Tense Relations Between U.s., Israel

The Cabinet convened here this evening in special session to consider the war in Lebanon under lengthening shadows clouding relations between Jerusalem and Washington. A message from President Reagan to Premier Menachem Begin expressing “the absolute necessity of re-establishing and maintaining a strict cease-fire in place” was characterized by Israeli sources as the toughest ever sent by the President to the Premier.

Reagan’s message, and a separate statement by him expressing his “strong conviction” that the PLO must not delay further its withdrawal from Lebanon, followed a two-hour meeting of the Special Situation Group headed by Vice President George Bush and a one-hour meeting of the National Security Council.

Foreign Minister Yitzhak Shamir, just back from Washington, was to report to the Cabinet on his own impressions of growing American anger over the ongoing war in Beirut. The U.S. abstention last night at the United Nations Security Council on a Spanish-Jordanian resolution, which demanded that Israel withdraw its troops and censured Israel for disregarding previous Council resolutions concerning the Lebanese crisis, was seen here as a further portent of Washington’s wrath. (See separate UN story.)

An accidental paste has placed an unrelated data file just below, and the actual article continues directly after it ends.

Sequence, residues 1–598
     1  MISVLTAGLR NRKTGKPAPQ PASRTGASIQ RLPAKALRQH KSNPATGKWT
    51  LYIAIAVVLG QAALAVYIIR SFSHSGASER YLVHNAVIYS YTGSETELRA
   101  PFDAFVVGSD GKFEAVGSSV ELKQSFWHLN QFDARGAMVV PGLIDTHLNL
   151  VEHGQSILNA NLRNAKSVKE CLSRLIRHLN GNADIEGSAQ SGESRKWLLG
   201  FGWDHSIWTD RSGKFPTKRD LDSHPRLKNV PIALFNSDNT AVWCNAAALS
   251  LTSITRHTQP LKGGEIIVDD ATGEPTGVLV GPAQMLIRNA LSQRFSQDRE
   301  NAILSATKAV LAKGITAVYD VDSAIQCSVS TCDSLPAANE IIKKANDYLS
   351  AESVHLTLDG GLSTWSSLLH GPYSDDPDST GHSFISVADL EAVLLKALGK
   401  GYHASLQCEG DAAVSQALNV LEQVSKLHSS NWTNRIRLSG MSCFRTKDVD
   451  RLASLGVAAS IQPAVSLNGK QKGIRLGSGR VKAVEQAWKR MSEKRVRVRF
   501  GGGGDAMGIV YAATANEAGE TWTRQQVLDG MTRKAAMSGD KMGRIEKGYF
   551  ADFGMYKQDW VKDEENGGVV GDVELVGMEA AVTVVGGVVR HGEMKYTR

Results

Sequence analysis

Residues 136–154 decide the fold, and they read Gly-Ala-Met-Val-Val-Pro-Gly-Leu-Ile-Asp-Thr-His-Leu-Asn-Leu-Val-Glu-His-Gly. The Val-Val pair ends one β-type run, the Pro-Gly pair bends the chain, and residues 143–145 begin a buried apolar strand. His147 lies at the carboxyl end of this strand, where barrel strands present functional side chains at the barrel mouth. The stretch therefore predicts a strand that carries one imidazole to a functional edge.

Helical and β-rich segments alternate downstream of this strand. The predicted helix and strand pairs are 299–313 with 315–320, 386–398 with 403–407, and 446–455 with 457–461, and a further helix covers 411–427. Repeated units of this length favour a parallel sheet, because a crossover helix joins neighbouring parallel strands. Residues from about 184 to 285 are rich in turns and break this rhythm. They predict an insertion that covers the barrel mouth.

SHARON ACCUSES U.S. DIPLOMATS OF LYING

Israel Radio reported today a “tough” conversation yesterday between Defense Minister Ariel Sharon and the U.S. charge d’affaires William Brown, with Sharon accusing U.S. diplomats in Beirut (U.S. special envoy Philip Habib and the Ambassador to Lebanon) of sending “untrue” reports to Washington on the state of the fighting in the city.

The radio said Sharon had referred to the diplomats using a telephone line to relay the sound of Israeli shells falling — whereas in fact they were Palestinian shells. The radio used the word “lies” in its report which was presumably based on sources close to Sharon.

Sharon and other hardline ministers are known to have all but lost faith in Habib’s efforts and to believe that only Israeli military pressure can still bring the PLO to leave the city without an all-out assault on the terrorist strong holds.

The American position is the precise reverse; Reagan, in his message, reportedly said Habib was on the brink of wrapping up the agreement for the PLO’s evacuation — when Israel’s attacks yesterday thwarted him. Washington believes successful negotiations must be predicated. on a total cease-fire.

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